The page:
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Meta-analysis of Cognitive Performance by Novel Object Recognition after Proton and Heavy Ion Exposures.

Authors
  • Cacao, Eliedonna1
  • Cucinotta, Francis A1
  • 1 Department of Health Physics and Diagnostic Sciences, University of Nevada, Las Vegas, Nevada.
Type
Published Article
Journal
Radiation Research
Publisher
BioOne (Radiation Research Society)
Publication Date
Nov 01, 2019
Volume
192
Issue
5
Pages
463–472
Identifiers
DOI: 10.1667/RR15419.1
PMID: 31415222
Source
Medline
Language
English
License
Unknown

Abstract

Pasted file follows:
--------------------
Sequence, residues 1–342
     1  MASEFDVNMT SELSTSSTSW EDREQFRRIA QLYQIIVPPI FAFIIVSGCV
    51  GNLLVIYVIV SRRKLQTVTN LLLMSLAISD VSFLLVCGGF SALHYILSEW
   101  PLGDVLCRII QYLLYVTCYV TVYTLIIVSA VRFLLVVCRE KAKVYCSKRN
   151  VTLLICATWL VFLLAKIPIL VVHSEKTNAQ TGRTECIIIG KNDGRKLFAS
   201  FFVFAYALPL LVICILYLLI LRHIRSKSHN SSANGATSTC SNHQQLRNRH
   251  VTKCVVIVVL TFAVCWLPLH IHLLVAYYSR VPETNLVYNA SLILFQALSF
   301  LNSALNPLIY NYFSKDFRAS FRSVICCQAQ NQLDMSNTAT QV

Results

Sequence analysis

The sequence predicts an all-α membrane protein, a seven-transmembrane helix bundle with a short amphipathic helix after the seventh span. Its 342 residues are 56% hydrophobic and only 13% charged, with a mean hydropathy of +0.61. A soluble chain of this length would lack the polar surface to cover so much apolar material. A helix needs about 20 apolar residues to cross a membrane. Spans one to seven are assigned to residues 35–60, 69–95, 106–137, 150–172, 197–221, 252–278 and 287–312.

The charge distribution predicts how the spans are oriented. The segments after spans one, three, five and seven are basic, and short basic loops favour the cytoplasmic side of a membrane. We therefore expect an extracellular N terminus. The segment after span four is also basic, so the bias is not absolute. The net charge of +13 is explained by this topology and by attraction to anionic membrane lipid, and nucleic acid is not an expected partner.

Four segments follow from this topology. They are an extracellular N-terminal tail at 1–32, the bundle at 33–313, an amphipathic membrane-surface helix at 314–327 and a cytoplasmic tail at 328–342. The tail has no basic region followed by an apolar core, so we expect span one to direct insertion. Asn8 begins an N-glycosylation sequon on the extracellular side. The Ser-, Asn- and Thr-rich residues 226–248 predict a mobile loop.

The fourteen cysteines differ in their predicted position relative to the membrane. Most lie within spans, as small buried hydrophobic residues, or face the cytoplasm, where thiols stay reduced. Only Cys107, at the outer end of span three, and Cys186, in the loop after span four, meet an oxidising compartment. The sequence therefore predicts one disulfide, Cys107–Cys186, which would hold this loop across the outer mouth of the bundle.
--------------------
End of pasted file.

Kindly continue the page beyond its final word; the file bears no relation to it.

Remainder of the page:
Experimental studies of cognitive detriments in mice and rats after proton and heavy ion exposures have been performed by several laboratories to investigate possible risks to astronauts exposed to cosmic rays in space travel and patients treated for brain cancers with proton and carbon beams in Hadron therapy. However, distinct radiation types and doses, cognitive tests and rodent models have been used by different laboratories, while few studies have considered detailed dose-response characterizations, including estimates of relative biological effectiveness (RBE). Here we report on the first quantitative meta-analysis of the dose response for proton and heavy ion rodent studies of the widely used novel object recognition (NOR) test, which estimates detriments in recognition or object memory. Our study reveals that linear or linear-quadratic dose-response models of relative risk (RR) do not provide accurate descriptions. However, good descriptions for doses up to 1 Gy are provided by exponentially increasing fluence or dose-response models observed with an LET dependence similar to a classical radiation quality response, which peaks near 100-120 keV/µm and declines at higher LET values. Exponential models provide accurate predictions of experimental results for NOR in mice after mixed-beam exposures of protons and 56Fe, and protons, 16O and 28Si. RBE estimates are limited by available X-ray or gamma-ray experiments to serve as a reference radiation. RBE estimates based on use of data from combined gamma-ray and high-energy protons of low-LET experiments suggest modest RBEs, with values <8 for most heavy ions, while higher values <20 are based on limited gamma-ray data. In addition, we consider a log-normal model for the variation of subject responses at defined dose levels. The log-normal model predicts a heavy ion dose threshold of approximately 0.01 Gy for NOR-related cognitive detriments.

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